Airwar over Denmark

Airwar over Denmark

 By Søren C. Flensted


1939-1940 Updated 9/4-24
1941 Updated 28/4-22
1942 Updated 17/8-23
1943 Updated 15/4-24
1944 Updated 15/4-24
1945 Updated 4/12-22

1940 New 30/11-23
1941 New 23/7-21
1942 Updated 19/3-24
1943 Updated 28/1-23
1944 Updated 23/7-23
1945 Updated 16/7-23

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B 17G 42-31972 belly landed on Fliegerhorst Odense 13/5 1944.

The aircraft belonged to USAAF, 8 Air Force, 379 Bomb Group, 527 Bomb Squadron.
T/O Kimbolton. OP: Stettin.


  (David  Claypool)

The 379th leaving Kimbolton on the morning of May 13, 1944

12 minutes after having dropped the bombs Pilot 1st Lt John E. Wilds Jr. left the formation with his # one engine feathered. A 20 mm had gone through the cone in the front of the propeller and gallons of hot oil came out looking like a fire.
When over the island of Fyn it was found necessary to land the aircraft which was coded FO-F. At 16:35 42-31972 was belly landed in a field near Beldringe north of the city of Odense. Engineer T/Sgt Warren D. Claypool dropped the landing gear ½ down untill impact. At the time of impact he brought the wheels back up because the field was short. The wheels acted like a shock absorber. As the crew left the bomber Germans soldiers came over a berm and ran towards the crew with guns. The crew were made POW`s. The Germans told the crew to strip off their cloths and was left standing naked for a long time while the Germans searched for weapons.

The field Wilds had selected for landing lay right in the centre of the location where the Germans half a year earlier had started building Fliegerhorst Odense.



All 3 pictures showing 42-31972 being shipped out of Odense.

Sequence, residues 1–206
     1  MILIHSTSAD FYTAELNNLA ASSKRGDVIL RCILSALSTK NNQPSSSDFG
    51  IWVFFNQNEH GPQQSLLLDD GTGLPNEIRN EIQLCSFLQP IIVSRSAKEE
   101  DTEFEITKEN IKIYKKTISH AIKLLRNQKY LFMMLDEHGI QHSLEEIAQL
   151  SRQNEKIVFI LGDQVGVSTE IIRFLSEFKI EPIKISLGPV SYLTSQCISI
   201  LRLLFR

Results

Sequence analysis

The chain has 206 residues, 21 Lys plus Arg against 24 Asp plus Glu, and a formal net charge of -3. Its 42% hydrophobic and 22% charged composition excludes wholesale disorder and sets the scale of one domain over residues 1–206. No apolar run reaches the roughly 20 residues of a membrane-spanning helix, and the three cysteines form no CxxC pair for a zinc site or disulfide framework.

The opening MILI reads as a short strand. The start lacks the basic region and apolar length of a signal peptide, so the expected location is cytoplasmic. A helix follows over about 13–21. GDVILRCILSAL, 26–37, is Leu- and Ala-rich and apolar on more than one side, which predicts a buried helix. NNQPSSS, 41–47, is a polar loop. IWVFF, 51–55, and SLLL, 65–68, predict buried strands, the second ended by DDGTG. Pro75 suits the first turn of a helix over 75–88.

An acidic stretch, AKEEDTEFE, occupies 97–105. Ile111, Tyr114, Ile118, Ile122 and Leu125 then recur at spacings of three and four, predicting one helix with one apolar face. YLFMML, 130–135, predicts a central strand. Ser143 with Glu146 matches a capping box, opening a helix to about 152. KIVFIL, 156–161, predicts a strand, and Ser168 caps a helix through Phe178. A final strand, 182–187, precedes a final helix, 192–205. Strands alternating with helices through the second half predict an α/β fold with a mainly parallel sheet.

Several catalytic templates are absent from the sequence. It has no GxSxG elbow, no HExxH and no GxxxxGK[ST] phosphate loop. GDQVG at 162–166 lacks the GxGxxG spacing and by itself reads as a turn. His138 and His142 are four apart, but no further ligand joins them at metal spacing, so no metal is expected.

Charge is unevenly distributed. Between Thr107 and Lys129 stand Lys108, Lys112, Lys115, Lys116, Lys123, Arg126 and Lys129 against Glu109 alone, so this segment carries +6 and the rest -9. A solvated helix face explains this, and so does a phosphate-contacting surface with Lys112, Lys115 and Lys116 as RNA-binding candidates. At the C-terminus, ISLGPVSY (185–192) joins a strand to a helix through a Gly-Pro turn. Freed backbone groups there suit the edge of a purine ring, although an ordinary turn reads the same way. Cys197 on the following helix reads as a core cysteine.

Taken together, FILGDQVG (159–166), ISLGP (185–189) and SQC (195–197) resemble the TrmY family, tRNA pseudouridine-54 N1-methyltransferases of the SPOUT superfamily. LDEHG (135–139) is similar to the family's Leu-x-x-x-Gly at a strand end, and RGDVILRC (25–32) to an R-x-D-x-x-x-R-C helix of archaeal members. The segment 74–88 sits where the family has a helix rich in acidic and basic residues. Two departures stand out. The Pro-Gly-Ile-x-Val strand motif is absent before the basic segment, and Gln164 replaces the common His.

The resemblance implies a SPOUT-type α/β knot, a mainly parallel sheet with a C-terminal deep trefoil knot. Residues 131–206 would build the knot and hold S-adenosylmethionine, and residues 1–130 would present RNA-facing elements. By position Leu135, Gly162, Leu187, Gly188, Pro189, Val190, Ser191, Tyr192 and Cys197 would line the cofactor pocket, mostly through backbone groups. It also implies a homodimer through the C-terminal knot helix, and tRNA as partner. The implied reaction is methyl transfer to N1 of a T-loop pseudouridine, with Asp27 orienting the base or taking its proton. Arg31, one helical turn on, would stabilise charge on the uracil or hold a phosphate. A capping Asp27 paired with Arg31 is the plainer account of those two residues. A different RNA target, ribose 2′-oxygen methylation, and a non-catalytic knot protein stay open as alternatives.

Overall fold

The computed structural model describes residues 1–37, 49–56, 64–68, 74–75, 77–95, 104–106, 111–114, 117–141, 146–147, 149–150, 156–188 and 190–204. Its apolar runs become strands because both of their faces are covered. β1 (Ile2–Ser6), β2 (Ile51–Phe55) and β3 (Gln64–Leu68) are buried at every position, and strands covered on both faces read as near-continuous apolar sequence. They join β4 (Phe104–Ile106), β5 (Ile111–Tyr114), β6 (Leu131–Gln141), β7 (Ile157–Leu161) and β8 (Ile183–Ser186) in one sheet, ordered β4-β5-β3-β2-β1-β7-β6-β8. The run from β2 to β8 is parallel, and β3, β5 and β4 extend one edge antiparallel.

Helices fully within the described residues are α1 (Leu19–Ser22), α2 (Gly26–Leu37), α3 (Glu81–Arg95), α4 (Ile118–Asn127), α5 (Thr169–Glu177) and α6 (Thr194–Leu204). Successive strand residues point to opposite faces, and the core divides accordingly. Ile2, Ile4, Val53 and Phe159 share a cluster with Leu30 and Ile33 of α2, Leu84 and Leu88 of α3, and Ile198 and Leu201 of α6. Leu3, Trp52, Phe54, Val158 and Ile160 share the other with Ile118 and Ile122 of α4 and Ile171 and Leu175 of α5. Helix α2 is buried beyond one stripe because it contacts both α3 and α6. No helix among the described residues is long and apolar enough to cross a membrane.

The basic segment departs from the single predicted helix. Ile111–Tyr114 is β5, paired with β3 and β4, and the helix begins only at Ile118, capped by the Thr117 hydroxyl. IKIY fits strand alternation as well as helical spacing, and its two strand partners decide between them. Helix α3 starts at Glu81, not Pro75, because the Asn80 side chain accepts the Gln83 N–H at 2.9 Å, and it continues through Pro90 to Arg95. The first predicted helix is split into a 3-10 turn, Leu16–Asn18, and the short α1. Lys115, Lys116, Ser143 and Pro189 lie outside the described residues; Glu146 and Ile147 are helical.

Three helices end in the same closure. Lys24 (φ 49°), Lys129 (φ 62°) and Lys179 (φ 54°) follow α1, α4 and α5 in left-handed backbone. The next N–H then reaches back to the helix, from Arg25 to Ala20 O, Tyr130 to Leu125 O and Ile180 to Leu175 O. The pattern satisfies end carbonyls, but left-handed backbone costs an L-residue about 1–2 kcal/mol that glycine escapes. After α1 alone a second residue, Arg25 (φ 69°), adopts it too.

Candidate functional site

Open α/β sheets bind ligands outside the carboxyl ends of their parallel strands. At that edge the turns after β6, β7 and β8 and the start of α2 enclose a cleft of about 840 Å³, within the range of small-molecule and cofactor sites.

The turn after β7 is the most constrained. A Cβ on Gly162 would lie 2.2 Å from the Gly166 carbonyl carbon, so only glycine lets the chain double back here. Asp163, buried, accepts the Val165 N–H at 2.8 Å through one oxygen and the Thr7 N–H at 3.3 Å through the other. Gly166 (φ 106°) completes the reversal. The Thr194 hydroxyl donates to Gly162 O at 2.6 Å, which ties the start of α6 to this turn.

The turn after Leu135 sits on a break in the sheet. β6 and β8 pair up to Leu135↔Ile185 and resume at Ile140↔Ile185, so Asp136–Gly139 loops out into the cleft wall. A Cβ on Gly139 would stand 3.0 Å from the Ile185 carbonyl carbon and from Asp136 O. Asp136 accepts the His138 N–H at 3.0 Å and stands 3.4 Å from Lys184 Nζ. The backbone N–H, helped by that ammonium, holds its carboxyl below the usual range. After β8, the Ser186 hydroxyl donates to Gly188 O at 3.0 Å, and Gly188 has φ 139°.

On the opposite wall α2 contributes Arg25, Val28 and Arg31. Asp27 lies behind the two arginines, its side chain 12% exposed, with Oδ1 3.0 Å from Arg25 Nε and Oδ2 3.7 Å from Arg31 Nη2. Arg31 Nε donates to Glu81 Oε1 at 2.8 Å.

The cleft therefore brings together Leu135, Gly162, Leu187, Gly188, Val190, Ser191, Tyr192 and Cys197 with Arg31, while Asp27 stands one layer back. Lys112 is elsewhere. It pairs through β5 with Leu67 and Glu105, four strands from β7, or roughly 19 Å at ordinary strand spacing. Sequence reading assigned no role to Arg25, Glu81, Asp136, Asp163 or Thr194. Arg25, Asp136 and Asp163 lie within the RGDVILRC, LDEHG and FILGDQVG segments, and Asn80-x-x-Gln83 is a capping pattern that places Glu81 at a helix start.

The plane ended up in the Dutch KZ camp Vught for scrapping. The two pictures below shows the plane at the KZ camp.


  (Beeldbank WO11 via Peter van Kaathoven)


 (42-31972 Gamecock via Peter van Kaathoven)


The next day Pilot 1st Lt John E. Wilds Jr., Co-pilot 2nd Lt Samuel L. McDaniel, Navigator 2nd Lt James R. Schaeffer, Bombardier 1st Lt Virgil J. Garth, Radio operator T/Sgt Gordon Tucker, Engineer T/Sgt Warren D. Claypool, Ball turret gunner S/Sgt Charles J. Baldwin, Waist gunner S/Sgt John Corey and Tail gunner S/Sgt Joseph Carl were sent by train to Dulag Luft at Oberursel for interrogation.

Claypool and Gordon Tucker was sent directly to Stalag Luft IV from Oberursel. Claypool was made a room leader in Compound B. On 6th of February he and Tucker, along with the POW`s of Compound C, were send on a forced march of about 600 miles which lasted untill they were liberated by 104th Infantery (Timberwolfes) at the Mulde river near Bitterfeld on April 26th 1945. It is not clear where the rest of the crew was sent to or when they were liberated.



        (David  Claypool)

Bridge across the Mulde river near Bitterfeld


        (David  Claypool)

Engineer T/Sgt Warren D. Claypool


        (David  Claypool)

Radio operator T/Sgt Gordon Tucker


  (Christian Stock via David Claypool)

Co-pilot 2nd Lt Samuel L. McDaniel


Sources: MACR, LBUK, Erik Jensen, David Claypool.


During his research of his fathers war time experiences David Claypool found this web site and told me about his father, Warren T. Claypools time in Germany and very generously let me exclusively bring a number of pictures of his father. When David realized that the exact place where his father had landed in 1944 was known, he decided to visit the place. Here follows his account on the visit.



MAY 10, 2012

I began a trip on May 10, 2012 to Denmark.  My purpose was to follow the history of WWII into Denmark and more specifically locate the exact crash landing site of my Father near Beldringe on May 13, 1944.  Coming from Germany into Denmark I noticed a distinct difference in the style of buildings.  Most of the buildings were all lower with hardly any tall buildings at all.  The next day as we went north I realized why.  It is a windy and chilly place as you go northerly and experience the wind from the North Sea. Things need to be protected from it.